There are a lot of things that are next for deep learning. Instead of thinking of moving forward in one direction, think of expanding outward in many directions:

  • Better reinforcement learning/integration of deep learning and reinforcement learning. Reinforcement learning algorithms that can reliably learn how to control robots, etc.

  • Better generative models. Algorithms that can reliably learn how to generate images, speech and text that humans can't tell apart from the real thing.

  • Learning to learn and ubiquitous deep learning. Algorithms that redesign their own architecture, tune their own hyperparameters, etc. Right now it still takes a human expert to run the learning-to-learn algorithm, but in the future it will be easier to deploy, and all kinds of businesses that don't specialize in AI will be able to leverage deep learning.

  • Machine learning for security, security for machine learning. More cyberattacks will leverage machine learning to make more autonomous malware, more efficient fuzzing for vulnerabilities, etc. More cyberdefenses will leverage machine learning to respond faster than a human could, detect more subtle intrusions, etc. ML algorithms from opposing camps will fool each other to carry out both attacks and defensive actions.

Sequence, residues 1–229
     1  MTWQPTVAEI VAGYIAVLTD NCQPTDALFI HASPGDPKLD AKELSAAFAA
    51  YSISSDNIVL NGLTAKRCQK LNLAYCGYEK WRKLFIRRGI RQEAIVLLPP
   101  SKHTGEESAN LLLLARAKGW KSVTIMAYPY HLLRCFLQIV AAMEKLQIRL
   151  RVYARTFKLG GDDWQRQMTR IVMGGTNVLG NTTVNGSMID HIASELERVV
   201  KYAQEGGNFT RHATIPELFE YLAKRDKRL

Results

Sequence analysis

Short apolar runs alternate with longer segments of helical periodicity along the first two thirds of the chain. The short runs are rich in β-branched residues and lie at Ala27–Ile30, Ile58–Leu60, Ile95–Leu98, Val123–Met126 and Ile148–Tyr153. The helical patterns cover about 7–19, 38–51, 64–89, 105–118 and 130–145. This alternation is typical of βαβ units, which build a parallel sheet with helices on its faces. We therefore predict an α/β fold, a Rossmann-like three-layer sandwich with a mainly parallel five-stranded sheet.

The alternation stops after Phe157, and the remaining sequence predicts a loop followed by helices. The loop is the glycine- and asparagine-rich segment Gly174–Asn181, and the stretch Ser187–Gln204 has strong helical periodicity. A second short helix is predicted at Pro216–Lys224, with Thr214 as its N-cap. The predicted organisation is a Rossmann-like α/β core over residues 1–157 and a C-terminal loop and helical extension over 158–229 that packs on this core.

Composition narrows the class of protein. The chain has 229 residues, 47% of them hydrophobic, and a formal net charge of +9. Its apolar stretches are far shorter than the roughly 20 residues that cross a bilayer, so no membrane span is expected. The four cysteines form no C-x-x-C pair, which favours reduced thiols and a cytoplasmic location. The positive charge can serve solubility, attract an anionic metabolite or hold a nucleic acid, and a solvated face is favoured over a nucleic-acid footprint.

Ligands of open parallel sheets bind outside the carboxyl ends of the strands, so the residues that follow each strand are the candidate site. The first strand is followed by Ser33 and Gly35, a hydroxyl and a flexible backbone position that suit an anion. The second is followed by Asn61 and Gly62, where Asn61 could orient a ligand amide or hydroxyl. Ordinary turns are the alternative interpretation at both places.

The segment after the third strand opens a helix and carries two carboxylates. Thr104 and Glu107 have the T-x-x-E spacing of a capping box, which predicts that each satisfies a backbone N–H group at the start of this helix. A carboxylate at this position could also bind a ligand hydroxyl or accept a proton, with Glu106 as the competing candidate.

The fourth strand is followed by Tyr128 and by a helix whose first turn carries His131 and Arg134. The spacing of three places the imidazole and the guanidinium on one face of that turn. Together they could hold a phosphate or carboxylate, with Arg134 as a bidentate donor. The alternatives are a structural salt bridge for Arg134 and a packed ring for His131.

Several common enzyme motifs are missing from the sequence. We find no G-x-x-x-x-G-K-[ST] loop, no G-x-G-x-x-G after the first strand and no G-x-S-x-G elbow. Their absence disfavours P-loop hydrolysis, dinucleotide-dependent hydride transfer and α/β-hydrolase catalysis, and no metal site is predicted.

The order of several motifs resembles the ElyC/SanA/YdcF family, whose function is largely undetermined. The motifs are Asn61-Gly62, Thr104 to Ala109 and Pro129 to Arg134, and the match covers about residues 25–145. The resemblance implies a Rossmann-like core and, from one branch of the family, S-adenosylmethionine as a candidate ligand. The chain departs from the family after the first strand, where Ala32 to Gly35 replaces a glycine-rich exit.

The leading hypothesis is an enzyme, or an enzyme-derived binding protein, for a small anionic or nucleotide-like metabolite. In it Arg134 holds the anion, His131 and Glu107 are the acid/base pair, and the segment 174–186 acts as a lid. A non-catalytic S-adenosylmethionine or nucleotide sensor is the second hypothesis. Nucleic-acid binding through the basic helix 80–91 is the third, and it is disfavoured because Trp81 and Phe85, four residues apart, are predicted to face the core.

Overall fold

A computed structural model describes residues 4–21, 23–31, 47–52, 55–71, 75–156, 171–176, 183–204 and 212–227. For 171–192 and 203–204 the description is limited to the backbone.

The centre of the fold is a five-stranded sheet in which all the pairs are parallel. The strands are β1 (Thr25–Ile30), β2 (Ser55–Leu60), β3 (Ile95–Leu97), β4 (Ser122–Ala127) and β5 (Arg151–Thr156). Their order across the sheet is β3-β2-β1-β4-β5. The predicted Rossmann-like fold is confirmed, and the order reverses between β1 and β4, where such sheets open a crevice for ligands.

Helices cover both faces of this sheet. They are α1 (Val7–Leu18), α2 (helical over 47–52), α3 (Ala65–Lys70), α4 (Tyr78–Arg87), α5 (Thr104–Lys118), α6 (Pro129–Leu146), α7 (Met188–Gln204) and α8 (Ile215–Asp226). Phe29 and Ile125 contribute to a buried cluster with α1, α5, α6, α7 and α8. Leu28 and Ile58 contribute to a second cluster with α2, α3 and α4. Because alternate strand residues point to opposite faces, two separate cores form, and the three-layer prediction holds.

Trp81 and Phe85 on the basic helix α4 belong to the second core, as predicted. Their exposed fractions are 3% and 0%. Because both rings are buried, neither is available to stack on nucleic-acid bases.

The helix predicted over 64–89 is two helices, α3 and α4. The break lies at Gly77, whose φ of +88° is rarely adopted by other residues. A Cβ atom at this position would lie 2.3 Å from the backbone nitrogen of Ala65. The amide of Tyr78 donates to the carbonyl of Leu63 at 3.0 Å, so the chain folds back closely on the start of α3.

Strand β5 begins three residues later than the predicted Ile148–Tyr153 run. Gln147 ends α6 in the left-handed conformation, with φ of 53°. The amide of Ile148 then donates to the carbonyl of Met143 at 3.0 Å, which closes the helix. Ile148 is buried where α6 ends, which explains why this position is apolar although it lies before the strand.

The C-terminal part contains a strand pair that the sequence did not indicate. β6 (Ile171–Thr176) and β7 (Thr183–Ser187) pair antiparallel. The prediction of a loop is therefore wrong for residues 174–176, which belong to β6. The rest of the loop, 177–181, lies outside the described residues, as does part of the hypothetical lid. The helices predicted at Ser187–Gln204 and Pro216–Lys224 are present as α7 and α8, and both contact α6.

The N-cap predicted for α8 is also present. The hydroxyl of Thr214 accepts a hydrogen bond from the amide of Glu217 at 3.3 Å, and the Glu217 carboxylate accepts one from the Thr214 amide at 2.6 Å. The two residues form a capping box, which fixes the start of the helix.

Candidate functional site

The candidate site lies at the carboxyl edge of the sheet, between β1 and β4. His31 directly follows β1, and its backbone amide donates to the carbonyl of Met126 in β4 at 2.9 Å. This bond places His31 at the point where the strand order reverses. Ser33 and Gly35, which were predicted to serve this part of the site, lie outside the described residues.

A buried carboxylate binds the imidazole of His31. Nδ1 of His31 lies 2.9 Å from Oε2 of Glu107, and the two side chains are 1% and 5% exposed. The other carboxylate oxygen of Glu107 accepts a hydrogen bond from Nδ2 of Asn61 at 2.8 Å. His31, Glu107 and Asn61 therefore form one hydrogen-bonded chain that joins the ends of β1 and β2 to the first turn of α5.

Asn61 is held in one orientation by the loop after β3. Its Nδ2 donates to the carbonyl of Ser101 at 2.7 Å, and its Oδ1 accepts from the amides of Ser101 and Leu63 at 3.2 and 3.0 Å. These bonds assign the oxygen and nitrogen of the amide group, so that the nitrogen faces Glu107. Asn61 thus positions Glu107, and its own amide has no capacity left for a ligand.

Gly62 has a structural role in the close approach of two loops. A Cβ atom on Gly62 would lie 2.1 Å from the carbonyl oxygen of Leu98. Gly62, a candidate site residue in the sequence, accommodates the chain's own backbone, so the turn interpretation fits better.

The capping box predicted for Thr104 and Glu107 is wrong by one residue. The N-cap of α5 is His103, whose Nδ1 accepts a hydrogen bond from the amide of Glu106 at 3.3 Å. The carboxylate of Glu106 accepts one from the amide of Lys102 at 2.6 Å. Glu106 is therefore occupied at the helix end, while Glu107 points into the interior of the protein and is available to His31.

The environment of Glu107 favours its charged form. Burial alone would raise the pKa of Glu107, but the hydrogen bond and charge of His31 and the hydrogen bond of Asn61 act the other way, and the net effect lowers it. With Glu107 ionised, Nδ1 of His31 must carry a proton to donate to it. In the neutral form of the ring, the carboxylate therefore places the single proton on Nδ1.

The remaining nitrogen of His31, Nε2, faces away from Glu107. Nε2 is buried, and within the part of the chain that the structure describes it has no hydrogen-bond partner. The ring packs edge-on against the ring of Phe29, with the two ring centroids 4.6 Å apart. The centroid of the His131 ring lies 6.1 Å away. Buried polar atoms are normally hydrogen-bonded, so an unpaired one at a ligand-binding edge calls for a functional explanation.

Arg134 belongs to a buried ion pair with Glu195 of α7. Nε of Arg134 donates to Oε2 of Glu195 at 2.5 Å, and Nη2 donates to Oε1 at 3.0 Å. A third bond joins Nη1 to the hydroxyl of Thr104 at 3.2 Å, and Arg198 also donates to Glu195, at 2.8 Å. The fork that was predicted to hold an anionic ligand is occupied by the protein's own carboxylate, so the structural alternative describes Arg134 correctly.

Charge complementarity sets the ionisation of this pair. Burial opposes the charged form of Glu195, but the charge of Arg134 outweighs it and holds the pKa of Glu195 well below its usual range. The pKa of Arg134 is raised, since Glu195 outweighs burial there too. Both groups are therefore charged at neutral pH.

• Dynamic routing of activity will lead to much larger models that may use even less computation to process a single example than current models use today. But overall, massive amounts of computation will continue to be key for AI; whenever we make one model use less computation, we'll just want to run thousands of models in parallel to learn-to-learn them.

  • Semi-supervised learning and one-shot learning will reduce the amount of data needed to train several kinds of models and make AI use more widespread.

  • Research will focus on making extremely robust models that almost never make a mistake, for use in safety-critical applications.

  • Deep learning will continue to spread out into general culture and we'll see artists and meme creators using it to do things that we never would have anticipated. I think Alexei Efros's lab and projects like CycleGAN are the start of this.

Source: HOB